|An ion is an atom or molecule which has an unequal positive and negative
charge. The negative electrical charge is derived from electrons and the
positive charge from protons in the nucleus. An example of an ion is sodium
chloride (NaCl). When dissolved in water, sodium and chloride separate
to form two kinds of ions: Na+ and Cl-. Sodium loses one electron and chloride gains one electron. Why does this
happen? Because the sodium atom has a single electron in the outermost
electron orbit, losing it makes the atom more stable. Likewise, the chloride
atom has 7 electrons in the outermost electron orbit. Gaining one electron
fills the orbit with 8 electrons, which makes the atom more stable. Thus,
the give and take of selected electrons is involved in the formation of
After radiation exposure, radiation energy is released
into absorbing materials, which causes excitation (which
propells an electron to a higher level of orbit in an atom)
or ionization (which allows an electron to move away from
an atom). In contrast to ordinary ion formation mentioned
above, radiation can cause the loss of any electron from
an atom resulting in highly unstable ions called radicals. Most radicals react with neighboring atoms or molecules almost instantaneously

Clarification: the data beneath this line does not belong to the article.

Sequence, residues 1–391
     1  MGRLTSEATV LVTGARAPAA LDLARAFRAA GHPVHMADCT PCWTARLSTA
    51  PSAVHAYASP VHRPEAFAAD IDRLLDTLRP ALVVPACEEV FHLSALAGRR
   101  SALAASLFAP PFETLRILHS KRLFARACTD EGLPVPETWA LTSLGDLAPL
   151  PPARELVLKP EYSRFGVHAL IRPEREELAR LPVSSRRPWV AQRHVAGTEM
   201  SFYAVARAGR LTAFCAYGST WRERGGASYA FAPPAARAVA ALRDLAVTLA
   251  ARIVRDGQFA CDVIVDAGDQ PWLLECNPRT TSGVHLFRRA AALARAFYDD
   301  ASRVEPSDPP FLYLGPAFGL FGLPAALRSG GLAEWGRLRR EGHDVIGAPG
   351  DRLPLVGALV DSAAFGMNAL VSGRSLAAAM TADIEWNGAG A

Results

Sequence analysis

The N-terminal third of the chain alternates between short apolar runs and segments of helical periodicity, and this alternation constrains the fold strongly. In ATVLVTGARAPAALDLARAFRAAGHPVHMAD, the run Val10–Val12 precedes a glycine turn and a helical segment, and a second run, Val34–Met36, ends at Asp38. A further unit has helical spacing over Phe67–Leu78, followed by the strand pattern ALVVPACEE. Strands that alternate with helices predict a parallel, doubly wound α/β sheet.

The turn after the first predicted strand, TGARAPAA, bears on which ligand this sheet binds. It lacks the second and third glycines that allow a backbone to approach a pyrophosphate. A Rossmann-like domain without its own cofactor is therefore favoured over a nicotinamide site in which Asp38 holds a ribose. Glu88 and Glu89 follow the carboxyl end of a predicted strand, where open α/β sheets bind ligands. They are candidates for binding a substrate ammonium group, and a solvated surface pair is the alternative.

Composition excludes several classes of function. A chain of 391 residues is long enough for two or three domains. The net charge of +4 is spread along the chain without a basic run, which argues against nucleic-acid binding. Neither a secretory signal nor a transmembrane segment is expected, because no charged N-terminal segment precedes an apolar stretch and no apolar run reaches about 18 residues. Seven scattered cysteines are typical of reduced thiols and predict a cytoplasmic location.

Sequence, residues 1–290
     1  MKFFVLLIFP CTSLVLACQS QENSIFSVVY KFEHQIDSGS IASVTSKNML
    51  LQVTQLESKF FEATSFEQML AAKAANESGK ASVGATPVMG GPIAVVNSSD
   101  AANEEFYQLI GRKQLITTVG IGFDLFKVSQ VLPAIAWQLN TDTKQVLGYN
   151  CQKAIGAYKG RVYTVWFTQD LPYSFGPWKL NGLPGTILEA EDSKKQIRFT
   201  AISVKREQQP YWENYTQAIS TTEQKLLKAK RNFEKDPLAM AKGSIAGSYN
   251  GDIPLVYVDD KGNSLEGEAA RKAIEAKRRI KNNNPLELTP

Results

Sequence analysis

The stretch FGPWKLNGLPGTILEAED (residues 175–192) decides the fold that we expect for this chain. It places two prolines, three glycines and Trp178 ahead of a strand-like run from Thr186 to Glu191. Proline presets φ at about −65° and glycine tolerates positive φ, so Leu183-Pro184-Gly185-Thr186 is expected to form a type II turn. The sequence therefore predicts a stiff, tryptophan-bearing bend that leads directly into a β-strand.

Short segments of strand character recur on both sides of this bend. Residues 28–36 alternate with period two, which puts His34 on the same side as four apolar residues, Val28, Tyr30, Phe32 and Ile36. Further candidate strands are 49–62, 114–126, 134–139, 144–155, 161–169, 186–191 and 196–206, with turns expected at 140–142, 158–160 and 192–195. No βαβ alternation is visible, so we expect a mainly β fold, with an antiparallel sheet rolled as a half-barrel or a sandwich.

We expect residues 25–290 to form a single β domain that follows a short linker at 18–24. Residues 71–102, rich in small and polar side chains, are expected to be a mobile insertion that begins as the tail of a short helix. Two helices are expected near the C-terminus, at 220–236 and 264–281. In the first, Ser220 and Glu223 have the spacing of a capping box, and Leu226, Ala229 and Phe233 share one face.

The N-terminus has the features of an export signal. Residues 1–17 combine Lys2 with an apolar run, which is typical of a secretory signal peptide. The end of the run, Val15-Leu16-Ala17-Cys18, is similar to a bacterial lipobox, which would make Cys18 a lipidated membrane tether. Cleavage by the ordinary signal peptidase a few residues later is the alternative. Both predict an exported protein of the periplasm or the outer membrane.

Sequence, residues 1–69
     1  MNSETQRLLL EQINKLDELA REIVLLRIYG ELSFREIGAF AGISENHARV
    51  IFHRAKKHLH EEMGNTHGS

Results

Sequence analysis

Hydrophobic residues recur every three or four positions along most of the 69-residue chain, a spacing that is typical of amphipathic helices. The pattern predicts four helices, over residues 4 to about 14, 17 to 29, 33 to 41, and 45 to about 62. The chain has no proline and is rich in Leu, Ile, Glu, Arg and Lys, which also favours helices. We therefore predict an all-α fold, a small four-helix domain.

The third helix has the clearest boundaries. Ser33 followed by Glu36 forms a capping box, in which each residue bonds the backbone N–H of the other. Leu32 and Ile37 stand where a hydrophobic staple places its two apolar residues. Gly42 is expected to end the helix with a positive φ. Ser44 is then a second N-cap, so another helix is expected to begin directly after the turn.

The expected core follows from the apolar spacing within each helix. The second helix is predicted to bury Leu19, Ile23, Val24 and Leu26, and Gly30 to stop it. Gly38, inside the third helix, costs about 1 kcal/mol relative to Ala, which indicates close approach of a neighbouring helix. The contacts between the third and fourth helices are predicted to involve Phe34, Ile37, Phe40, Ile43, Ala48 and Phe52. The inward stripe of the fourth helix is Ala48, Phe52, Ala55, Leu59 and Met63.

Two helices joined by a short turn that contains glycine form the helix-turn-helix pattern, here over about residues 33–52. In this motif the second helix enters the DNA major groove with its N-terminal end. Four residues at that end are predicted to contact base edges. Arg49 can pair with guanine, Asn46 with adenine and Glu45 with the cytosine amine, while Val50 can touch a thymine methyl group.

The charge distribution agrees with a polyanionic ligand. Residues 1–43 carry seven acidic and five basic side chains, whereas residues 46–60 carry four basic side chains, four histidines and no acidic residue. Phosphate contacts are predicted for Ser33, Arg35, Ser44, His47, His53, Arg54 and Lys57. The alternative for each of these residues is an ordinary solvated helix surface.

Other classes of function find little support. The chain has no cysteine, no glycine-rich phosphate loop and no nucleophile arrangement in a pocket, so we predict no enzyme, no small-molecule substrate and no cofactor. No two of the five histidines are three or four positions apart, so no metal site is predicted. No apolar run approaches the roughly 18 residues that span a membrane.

(in less than 1/1,000 of a second).
The human body consists of 70% water. Radiation can break
H2O to produce OH radicals that are known to
be the most potent in attacking various biomolecules including
DNA, the genetic blueprint. Radiation also can directly
hit DNA to produce radicals resulting in DNA strand breaks.
Different types of radiation, such as gamma
rays or neutrons,
cause different spatial distribution of ionization.
Gamma irradiation produces ionizations homogeneously
within a cell, whereas neutron irradiation tends to
produce clusters of ionization that are believed to
cause more serious damage to the cells.